Native American Involvement in the War of 1812
As Great Britain and the United States spiraled toward war in the summer of 1812, Native tribes in North America found themselves pulled into the conflict. Often, these tribes dealt with divided loyalties, and many were forced to choose sides. The strongest support for the British came from tribes inhabiting the Old Northwest and Great Lakes region.
With England committed to fighting Napoleon in Europe, few troops could be spared to defend Canada. To augment his limited force, British Maj. Gen. Isaac Brock relied heavily on a Native confederation led by the Shawnee war chief Tecumseh. Opposed to American expansion beyond the Ohio River, Tecumseh, and his brother, Tenskwatawa, or the Prophet, formed a pan-Indian alliance to resist the United States. Brock promised the restoration of lands should England emerge victorious, and Tecumseh cast his lot with the British.
Tecumseh and his warriors quickly distinguished themselves in the opening campaign for Fort Detroit. They disrupted Brig. Gen. Isaac Hull’s extended supply line to Ohio. Tecumseh’s presence during the siege gave the British a psychological advantage that ultimately forced Hull to surrender. Combined with the loss of Forts Dearborn and Mackinac, the victory pushed the American frontier from the Great Lakes to Fort Wayne in Indiana Territory. Warriors soon ascended on that post as well as Fort Harrison outside modern Terre Haute and laid siege. U.S. Maj. Gen. William Henry Harrison relieved Fort Wayne in September and began his push to recapture Detroit.
In January 1813, the new British commander in Canada, Lt. Col. George Procter, heavily supported by Native allies destroyed one of Harrison’s columns under Brig. Gen. James Winchester at Frenchtown, Michigan Territory. The defeat compelled Harrison to regroup and construct Fort Meigs at the Maumee Rapids south of modern Toledo. Soon promoted to brigadier general, Procter and Tecumseh moved against Harrison in late April. Like his actions at Detroit, Tecumseh played a critical role in Procter’s attempt to reduce the garrison. Tecumseh himself saved the lives of Kentucky militia prisoners during the siege. Running low on supplies, Procter eventually abandoned the effort and withdrew to Detroit.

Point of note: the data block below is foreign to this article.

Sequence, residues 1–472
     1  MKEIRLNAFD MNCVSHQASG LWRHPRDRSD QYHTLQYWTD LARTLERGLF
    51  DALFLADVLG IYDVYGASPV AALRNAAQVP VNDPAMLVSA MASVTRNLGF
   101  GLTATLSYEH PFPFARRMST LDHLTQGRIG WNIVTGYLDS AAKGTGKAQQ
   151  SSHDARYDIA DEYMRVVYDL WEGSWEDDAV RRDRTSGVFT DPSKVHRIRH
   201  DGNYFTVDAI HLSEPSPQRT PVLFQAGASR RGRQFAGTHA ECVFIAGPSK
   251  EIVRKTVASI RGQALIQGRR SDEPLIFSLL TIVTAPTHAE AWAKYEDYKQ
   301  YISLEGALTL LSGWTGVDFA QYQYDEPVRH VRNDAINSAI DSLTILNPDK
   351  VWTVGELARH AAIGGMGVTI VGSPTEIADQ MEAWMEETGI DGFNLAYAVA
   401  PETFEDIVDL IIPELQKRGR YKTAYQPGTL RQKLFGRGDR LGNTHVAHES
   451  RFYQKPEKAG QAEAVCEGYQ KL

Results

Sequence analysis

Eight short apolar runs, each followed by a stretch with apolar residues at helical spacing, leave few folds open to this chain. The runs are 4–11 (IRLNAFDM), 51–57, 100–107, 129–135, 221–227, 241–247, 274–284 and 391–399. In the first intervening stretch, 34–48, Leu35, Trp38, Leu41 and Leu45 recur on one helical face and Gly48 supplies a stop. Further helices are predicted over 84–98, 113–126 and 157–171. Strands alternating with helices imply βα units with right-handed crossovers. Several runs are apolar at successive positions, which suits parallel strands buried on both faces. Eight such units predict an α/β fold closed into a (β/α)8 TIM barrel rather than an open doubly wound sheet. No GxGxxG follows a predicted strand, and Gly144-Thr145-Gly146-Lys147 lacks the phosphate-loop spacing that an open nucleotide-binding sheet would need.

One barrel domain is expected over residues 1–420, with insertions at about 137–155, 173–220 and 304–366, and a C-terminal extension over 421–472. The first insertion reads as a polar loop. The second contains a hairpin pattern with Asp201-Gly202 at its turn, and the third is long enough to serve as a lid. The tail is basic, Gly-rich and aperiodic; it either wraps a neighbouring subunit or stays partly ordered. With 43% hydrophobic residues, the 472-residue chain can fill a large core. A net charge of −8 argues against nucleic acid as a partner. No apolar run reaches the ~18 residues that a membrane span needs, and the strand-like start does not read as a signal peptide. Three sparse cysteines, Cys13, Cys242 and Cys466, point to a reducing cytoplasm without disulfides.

In the second week of September, U.S. Navy Master Commandant Oliver H. Perry defeated Capt. Robert Barkley’s squadron on Lake Erie. Perry’s victory established control of the lake and secured Harrison’s supply line to Detroit. Without naval support, Procter abandoned Detroit and withdrew eastward into Upper Canada. Harrison occupied the city on September 29 and began his pursuit of the British. The loss and Procter’s unwillingness to engage Harrison caused a rift in the confederacy. Still, Tecumseh remained with Procter. On October 5, Harrison attacked Procter at the Thames River. Tecumseh fell in the ensuing battle which shattered Procter’s army. Tecumseh’s loss brought an end to the coalition and secured the region for the United States.
A separate, war within a war emerged in the South during the summer of 1813. Unlike the situation on the Northern front, a number of tribes supported the United States. White encroachment and the loss of their land, however, split the Creeks into two factions. The militants, known as Red Sticks, assailed Fort Mims northeast of Mobile, Alabama and massacred the garrison on August 30. The assault brought a quick response from Tennessee, Georgia and the Mississippi Territory. Beginning in November, Tennessee militia under Maj. Gen. Andrew Jackson attacked the Red Stick towns at Tallushatchee and Talladega. These victories helped solidify support from the friendly Creeks. Other expeditions through the remainder of the year focused on Red Stick towns and dealt major blows to their ability to resist.
After withdrawing to rest and refit, Jackson launched an expedition into Alabama in March 1814. Friendly Creeks and Cherokees allied with the United States accompanied his army. On March 27, Jackson attacked a major Red Stick town along the Tallapoosa River known as Horseshoe Bend. The day long engagement broke the Red Stick contingent as many fled for the safety of Spanish Florida. At the Treaty of Fort Jackson negotiated that summer, the Creeks surrendered 23 million acres of land.
That fall, Jackson opposed a British invasion of the Gulf. A company of Choctaws served in his command and participated in the pivotal Battle of New Orleans on January 8, 1815. Ironically, whether they sided with Britain or the United States, within decades the tribes shared the same fate. Beginning in the middle of the 1830s, with the United States expanding westward, many of the tribes were forcibly removed beyond the Mississippi River to the newly organized Indian Territory.